To encourage membership in the ICC among non-party States, the Court should make every effort to produce a solid record of performance, by effectively implementing its activities and efficiently managing the conduct of its work. In this regard, it is important for us to bear in mind that we should not place excessive burdens on the Court and should rather develop it in a systemically sustainable way.
Although the ICC is a judicial organ whose independence should not be undermined, the Court is not immune from any examination of its management and governance. The ICC and the international community at large must make further efforts to discover how best to address the Court’s long-term “cost drivers”. In this respect, Japan welcomes the work of the Study Group on Governance and appeals to States Parties to continue their contribution to the discussion in the Group next year as well, in the interest of producing a sound and feasible outcome.
The need for further strengthening of the relationship between the Court and the United Nations in order to make the Court more effective and systemically sustainable cannot be over-emphasized.
States Parties must be reminded that adding new categories of crimes to the scope of the jurisdiction of the ICC which may be politically controversial or could be more effectively prosecuted and punished under national jurisdiction could work against the interest of the promotion of universality.
Although we highly appreciate and commend the historic importance of the agreement made in Kampala, there still exists serious concern about the legal ambiguities created as a result of political compromise on the crime of aggression. With regard to this matter, we continue to support a quiet dialogue among interested parties with a view to narrowing the gaps among them.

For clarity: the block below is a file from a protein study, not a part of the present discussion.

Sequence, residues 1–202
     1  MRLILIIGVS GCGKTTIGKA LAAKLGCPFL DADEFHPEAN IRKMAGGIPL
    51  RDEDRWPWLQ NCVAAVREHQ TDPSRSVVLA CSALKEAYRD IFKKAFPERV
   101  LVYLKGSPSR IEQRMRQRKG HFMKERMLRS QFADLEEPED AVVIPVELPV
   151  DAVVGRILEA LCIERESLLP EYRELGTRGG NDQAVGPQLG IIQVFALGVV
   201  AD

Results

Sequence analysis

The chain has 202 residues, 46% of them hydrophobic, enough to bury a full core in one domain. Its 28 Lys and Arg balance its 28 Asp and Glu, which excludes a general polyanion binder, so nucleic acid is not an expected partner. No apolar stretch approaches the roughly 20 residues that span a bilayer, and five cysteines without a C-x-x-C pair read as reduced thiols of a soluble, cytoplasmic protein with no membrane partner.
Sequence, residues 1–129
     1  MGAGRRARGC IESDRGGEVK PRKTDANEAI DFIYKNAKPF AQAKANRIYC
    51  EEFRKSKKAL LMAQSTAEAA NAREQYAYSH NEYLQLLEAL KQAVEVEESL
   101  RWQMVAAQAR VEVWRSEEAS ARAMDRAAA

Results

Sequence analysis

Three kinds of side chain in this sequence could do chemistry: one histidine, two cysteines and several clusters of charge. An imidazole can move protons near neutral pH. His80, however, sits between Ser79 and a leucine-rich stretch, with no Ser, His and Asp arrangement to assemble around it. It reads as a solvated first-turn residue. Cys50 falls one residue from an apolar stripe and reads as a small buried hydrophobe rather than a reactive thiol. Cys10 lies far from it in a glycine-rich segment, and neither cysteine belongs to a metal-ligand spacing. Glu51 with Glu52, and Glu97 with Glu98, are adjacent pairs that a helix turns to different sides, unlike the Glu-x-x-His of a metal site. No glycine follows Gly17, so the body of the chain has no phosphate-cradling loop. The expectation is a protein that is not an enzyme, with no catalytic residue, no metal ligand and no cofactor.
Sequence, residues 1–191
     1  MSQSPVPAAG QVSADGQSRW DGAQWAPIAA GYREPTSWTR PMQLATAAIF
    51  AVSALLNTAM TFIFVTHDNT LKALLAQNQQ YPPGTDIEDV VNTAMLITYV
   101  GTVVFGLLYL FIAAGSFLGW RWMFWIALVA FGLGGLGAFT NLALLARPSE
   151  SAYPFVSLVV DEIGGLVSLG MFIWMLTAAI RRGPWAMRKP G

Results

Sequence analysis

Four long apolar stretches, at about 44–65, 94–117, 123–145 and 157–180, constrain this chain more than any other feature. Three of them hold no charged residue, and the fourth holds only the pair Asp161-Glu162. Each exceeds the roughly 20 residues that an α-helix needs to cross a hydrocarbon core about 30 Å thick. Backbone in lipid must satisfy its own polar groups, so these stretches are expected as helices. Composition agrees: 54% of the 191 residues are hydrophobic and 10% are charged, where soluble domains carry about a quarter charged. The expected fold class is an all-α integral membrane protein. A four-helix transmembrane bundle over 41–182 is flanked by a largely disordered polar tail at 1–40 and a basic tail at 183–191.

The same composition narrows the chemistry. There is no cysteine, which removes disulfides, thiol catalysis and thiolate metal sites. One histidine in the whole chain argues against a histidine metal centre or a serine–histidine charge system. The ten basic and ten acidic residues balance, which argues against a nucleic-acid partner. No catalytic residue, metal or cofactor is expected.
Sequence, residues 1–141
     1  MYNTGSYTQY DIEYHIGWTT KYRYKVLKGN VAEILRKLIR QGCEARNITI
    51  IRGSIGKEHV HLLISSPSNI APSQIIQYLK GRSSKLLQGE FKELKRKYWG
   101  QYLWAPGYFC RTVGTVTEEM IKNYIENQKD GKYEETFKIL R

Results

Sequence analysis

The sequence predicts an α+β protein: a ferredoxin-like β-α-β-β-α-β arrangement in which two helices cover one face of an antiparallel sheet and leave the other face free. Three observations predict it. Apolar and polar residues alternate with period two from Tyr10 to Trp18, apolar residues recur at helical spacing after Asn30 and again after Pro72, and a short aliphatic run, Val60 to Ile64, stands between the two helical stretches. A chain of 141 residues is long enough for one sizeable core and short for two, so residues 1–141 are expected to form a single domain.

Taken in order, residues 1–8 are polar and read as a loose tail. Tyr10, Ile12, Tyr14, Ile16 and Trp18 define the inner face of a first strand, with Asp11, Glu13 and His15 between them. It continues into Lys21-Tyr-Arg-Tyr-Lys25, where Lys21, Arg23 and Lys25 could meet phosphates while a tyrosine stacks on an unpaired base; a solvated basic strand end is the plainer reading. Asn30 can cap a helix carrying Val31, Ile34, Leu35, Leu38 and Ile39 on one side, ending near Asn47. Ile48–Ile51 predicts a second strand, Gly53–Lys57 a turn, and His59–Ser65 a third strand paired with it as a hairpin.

In addition, we should make efforts to better prepare ourselves for future amendments by discussing in the Working Group on Amendments not only substantive issues but also procedural issues.
Finally, Madam President, let me touch upon the principle of complementarity. The ICC is a court of last resort. States Parties must first and foremost make their best efforts to exercise national jurisdiction rather than “dumping” a situation on the ICC. In this context, legal technical assistance to developing countries, in particular, post-conflict countries, will help those countries to build an effective criminal justice system. The ICC is further encouraged to give advice to, or collaborate with, assisted countries, donors and international organizations while bearing in mind that the Court is not an aid agency.
In closing, I wish to express the sincere appreciation of Japan for the work that the ICC has accomplished to date. It is our hope that the ICC will continue to work diligently in the fight against impunity and to consolidate its credibility and reputation both inside and outside the Rome Statute system. Japan, for its part, is determined to strengthen its contribution to the ICC and thus to the establishment of the rule of law in the international community.